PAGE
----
Hard work + suitable environment + social network + financial resources = a higher likelihood of getting what you want
As I noticed such things, my pride in being the hardest worker in the room started to wane. It was no longer a reasonable edge to lean on, no longer an automatic ticket to the things I had desired. I also realised that much of the world is full of people who are giving it everything they possible can, being the hardest workers in the rooms they were in, and yet never really moving the needle of progress over time.
This made me afraid, afraid of what such a crucible for frustration and angst might turn me into. If I gave something my all, and the outcome comes up blank, what might I feel about the world then?
Treating and working oneself like a mule in pursuit of desires is only sustainable if there is a reasonable return of positive outcomes, whether in the immediate short term or in the future that lay ahead.
Success outside of academics, then, demands forethought, positioning, some baseline level of finesse during the pursuit towards your desires. Humans are not animals, we do not get rewarded just by adhering to primitive instincts of moving our feet or winding cogs with our arms — we get rewarded by using our minds to think about what we do. Success seems to be way more than just showing up, putting in a good day’s work and then leaving — it demands all of that AND all of the other pre-requisite elements stacking up in the right order too. Hard work is the very minimum, Level 0, of what it takes to sustain any sort of reasonable livelihood.
At the end of it all, grinding oneself to the bone whilst seeped in the mud of frustration and negligible progress, is an unsustainable way to live. It then falls onto the individual to then explore the questions of, ‘If I know that this is bad for me, what might things have to look like if it were slightly better tomorrow than it is today?’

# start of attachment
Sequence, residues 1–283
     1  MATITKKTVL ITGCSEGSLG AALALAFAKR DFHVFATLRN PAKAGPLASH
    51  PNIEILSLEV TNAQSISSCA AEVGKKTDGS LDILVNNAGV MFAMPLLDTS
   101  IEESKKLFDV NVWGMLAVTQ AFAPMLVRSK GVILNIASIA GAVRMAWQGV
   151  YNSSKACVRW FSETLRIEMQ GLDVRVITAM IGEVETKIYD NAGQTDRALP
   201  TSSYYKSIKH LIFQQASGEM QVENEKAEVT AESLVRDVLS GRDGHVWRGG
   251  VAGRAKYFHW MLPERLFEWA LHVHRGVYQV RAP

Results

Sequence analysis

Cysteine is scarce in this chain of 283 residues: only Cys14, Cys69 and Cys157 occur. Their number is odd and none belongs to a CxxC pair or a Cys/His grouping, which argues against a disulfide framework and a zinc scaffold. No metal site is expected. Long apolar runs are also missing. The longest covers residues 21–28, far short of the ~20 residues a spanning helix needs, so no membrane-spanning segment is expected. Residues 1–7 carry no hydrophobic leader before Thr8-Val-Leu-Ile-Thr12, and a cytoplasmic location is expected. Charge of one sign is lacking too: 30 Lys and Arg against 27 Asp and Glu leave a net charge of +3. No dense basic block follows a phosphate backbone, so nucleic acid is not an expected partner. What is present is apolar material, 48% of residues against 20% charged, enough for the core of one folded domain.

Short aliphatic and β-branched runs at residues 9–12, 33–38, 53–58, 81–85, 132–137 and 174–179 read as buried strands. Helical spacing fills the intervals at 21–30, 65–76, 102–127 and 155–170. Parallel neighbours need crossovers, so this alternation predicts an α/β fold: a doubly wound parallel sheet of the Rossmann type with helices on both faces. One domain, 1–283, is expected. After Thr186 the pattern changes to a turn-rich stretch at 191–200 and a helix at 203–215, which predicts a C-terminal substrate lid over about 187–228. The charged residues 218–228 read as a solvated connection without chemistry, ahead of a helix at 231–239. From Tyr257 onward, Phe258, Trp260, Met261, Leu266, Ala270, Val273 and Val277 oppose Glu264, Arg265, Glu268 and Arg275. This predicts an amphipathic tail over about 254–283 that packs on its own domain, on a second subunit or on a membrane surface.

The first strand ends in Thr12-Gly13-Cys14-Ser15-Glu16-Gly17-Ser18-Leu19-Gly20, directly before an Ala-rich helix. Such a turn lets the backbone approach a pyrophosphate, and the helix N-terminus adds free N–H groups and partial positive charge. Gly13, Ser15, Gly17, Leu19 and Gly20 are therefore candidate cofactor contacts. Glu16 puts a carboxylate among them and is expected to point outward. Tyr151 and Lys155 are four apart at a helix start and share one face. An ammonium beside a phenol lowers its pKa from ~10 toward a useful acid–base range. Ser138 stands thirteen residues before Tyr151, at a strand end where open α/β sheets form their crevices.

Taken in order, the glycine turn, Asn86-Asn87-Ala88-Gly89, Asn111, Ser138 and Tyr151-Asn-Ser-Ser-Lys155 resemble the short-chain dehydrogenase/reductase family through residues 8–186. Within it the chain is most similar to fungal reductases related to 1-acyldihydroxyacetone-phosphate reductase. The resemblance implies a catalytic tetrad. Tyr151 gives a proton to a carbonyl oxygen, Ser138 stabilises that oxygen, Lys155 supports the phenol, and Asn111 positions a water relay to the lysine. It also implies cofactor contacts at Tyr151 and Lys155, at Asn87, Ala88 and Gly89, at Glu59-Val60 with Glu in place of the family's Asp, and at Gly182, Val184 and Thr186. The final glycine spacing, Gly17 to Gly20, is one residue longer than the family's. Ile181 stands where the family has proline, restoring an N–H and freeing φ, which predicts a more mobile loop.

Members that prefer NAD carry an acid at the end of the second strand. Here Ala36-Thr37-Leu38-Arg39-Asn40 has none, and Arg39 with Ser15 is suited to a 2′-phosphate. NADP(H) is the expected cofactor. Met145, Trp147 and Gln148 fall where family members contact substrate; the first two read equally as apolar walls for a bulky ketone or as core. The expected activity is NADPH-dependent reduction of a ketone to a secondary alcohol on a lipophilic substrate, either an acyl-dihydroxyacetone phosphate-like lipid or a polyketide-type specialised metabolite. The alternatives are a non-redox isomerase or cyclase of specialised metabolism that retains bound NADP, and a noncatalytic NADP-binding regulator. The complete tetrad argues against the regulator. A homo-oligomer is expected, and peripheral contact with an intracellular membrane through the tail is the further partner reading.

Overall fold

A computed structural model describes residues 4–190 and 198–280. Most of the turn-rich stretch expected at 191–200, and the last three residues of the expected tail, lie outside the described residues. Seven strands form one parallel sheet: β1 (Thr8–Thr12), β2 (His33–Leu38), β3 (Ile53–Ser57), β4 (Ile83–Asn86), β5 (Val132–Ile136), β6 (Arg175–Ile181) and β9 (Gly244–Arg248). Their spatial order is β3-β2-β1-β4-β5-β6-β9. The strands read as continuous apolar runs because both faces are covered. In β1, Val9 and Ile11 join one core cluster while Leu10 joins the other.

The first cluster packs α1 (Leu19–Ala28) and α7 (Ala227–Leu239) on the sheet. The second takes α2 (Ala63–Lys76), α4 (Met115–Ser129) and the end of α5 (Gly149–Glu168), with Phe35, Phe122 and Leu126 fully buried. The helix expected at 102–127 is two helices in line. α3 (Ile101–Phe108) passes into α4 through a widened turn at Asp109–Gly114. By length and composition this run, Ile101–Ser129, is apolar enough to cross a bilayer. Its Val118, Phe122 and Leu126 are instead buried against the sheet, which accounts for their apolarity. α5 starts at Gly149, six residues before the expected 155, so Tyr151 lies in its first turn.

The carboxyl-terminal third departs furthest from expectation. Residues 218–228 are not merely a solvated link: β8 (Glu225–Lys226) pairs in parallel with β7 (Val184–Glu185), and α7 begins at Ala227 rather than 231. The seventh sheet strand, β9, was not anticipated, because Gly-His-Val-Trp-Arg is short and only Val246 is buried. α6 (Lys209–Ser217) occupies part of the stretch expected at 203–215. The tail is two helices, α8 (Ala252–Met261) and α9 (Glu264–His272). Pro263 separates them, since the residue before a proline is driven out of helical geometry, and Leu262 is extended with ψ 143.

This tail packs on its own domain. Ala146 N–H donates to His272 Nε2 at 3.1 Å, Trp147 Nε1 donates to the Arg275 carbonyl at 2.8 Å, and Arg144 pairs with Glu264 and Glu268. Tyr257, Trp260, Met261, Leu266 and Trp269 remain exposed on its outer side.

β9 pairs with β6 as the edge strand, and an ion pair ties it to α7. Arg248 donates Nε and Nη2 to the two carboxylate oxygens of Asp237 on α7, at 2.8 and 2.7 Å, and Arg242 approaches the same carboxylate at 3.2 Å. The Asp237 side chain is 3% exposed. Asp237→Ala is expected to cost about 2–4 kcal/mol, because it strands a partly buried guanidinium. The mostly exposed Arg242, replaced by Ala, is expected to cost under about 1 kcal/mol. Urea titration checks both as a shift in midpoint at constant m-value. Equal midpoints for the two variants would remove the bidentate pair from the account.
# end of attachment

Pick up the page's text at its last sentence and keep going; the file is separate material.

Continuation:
‘What are some things, within my control, that I can alter in the next day, week or year so that I could be just a little happier about the way that I am currently living my life?’
These questions forces oneself to abstract away from the ‘hard work’ element, of putting one’s nose on the grinding wheel, in order to focus more on all the other elements that have to do with positioning.
Then maybe, just maybe, all of the hard work could simultaneously be both meaningful and productive — when you find yourself ‘in the zone’, doing the work out of choice and not coercion, when the time passes so quickly that you fail to notice neither the hours or your body’s cues of hunger, when explaining ‘what you do’ to a stranger feels like a story of ‘who you are’, when there is less friction, less frustration and more room to do what you like doing while delivering something into the world which others might find useful, important and valuable, when your time and attention gets honed into the things that only you can produce and no other soul can quite replicate (because your work is unique to you, as your fingerprint is unique to you)..
This is what life could be. Isn’t it worth fighting for?
I will never stop learning. I won’t just work on things that are assigned to me. I know there’s no such thing as a status quo. I will build our business sustainably through passionate and loyal customers. I will never pass up an opportunity to help out a colleague, and I’ll remember the days before I knew everything. I am more motivated by impact than money, and I know that Open Source is one of the most powerful ideas of our generation. I will communicate as much as possible, because it’s the oxygen of a distributed company. I am in a marathon, not a sprint, and no matter how far away the goal is, the only way to get there is by putting one foot in front of another every day. Given time, there is no problem that’s insurmountable.
— The Automattic Creed